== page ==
The offensive line improved last year in pass protection and in opening holes for Lacy. That trend should continue as left tackle Bakhtiari has bulked up in the offseason and now possesses a full year of experience. Josh Sitton and T.J. Lang represent one of the premier pair of guards in the league with Sitton punishing defenders on the left side at an All-Pro level and Lang performing on the right side at a solid, though not yet elite, level. Bryan Bulaga returns to right tackle after missing last season with a knee injury and likely improves that position over the serviceable Don Barclay.

To defend in a league that emphasizes the pass and against a schedule that includes quarterbacks Brady, Brees, Cutler, Wilson, and Stafford, the Packers need strong play from their cornerbacks. Fortunately, that represents the primary strength of this defensive unit. Sam Shields demonstrated enough talent to earn a sizeable contract in the offseason and should operate as the shut-down corner for the Packers this year. Tramon Williams returned to his 2010 form in the second half of last season and expects to replicate that for a full year this season. With ball-hawk Casey Hayward manning the slot, Capers has the talent to keep opposing signal callers in check.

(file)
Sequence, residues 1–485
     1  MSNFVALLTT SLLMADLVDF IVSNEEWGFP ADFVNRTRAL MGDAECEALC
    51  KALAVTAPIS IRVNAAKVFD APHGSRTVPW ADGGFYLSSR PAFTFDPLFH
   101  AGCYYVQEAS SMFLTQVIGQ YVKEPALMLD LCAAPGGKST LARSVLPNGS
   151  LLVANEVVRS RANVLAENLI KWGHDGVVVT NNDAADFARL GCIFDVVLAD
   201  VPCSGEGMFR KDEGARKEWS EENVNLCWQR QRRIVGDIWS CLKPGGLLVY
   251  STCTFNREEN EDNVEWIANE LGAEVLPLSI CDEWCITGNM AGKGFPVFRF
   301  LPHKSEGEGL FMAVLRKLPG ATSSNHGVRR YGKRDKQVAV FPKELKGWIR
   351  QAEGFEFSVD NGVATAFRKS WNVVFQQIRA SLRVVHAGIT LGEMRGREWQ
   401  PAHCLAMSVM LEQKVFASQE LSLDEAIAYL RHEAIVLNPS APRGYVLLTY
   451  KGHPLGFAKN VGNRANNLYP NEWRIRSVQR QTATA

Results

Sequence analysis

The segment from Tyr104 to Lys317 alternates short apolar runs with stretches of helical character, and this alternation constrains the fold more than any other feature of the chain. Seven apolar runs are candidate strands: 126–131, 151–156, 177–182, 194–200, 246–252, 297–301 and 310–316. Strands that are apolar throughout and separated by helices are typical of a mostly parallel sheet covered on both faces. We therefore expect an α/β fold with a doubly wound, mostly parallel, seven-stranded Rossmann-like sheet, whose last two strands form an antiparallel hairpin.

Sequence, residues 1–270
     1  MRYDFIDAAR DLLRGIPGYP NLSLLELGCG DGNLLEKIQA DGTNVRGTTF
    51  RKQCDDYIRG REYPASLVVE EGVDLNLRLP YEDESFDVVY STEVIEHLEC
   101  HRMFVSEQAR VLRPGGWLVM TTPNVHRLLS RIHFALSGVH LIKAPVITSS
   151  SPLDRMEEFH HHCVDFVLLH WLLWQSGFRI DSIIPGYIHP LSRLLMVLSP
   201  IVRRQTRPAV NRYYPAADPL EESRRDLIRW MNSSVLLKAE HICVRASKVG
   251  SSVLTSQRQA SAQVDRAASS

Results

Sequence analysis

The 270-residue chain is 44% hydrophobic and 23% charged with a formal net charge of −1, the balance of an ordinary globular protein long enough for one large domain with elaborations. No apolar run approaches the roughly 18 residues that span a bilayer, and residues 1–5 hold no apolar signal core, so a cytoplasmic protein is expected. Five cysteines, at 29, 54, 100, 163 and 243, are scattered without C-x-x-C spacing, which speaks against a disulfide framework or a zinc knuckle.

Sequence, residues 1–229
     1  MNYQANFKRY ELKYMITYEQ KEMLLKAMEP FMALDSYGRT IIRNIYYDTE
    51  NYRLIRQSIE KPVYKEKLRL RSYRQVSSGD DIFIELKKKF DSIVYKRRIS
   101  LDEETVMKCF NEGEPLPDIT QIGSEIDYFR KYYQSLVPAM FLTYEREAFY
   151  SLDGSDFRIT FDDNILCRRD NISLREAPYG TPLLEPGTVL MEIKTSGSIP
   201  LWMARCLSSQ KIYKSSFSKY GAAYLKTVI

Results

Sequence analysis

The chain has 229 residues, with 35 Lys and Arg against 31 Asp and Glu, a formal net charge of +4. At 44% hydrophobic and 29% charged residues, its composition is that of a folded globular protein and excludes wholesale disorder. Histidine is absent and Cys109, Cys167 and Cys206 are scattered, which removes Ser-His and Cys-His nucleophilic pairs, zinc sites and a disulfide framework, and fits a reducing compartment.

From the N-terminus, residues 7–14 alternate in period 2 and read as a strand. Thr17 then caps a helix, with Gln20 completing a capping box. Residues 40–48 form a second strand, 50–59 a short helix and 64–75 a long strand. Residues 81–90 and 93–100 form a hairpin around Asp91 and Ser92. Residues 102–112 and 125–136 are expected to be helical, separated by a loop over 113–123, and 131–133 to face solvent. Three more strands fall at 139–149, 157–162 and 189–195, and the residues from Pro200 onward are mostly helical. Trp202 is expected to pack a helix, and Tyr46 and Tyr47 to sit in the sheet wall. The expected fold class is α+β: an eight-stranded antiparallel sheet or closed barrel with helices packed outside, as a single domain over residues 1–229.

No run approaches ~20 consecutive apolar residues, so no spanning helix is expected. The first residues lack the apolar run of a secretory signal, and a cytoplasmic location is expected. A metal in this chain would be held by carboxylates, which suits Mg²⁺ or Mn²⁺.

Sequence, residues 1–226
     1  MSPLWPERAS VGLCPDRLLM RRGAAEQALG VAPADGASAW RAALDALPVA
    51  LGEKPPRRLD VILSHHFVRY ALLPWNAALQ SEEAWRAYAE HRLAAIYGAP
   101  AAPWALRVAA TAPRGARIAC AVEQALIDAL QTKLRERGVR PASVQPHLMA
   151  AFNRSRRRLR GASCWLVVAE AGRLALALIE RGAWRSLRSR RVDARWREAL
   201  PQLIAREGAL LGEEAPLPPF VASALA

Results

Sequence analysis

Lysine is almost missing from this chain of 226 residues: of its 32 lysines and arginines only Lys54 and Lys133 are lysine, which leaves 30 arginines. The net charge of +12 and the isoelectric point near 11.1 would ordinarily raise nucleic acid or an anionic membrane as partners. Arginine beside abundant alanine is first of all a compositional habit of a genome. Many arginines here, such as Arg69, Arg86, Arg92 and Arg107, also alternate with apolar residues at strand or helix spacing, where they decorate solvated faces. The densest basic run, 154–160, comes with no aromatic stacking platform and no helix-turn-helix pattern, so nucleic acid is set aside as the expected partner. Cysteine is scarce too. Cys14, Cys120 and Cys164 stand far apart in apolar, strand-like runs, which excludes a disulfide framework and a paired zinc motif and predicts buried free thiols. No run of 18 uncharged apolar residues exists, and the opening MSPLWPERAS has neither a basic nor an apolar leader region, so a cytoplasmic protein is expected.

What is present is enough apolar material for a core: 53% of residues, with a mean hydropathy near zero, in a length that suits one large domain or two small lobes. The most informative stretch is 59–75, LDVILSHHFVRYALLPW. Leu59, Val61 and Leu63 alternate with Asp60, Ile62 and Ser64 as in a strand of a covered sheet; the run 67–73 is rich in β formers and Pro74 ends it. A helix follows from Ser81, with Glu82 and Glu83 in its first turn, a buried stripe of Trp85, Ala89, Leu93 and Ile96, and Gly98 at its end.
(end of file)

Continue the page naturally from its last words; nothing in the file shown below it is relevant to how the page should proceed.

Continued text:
So what potential landmines lie under the surface that might prevent this Packer team from hoisting the Lombardy Trophy in Arizona?

Injuries represent the unknown most likely to jeopardize the Packers season. Untimely injuries to one or two elite players or half a dozen starters could send the team home for the playoffs. It is critical that core players remain healthy for the season if the team hopes to fulfill its objectives in the post-season.

Also, there are several positions that have not yet had a starter identified including center, tight-end, and the safety spot opposite Morgan Burnett. While it appears a solid starter for each role exists on the Packers roster, that expectation must be fulfilled when the pads come on and the game whistle blows. If Coach McCarthy’s staff can plug those openings with players who perform at even an average level this year, then the team will be well positioned for sustainable success. If not, opposing teams may exploit those weaknesses, which risks unraveling the Packers’ season.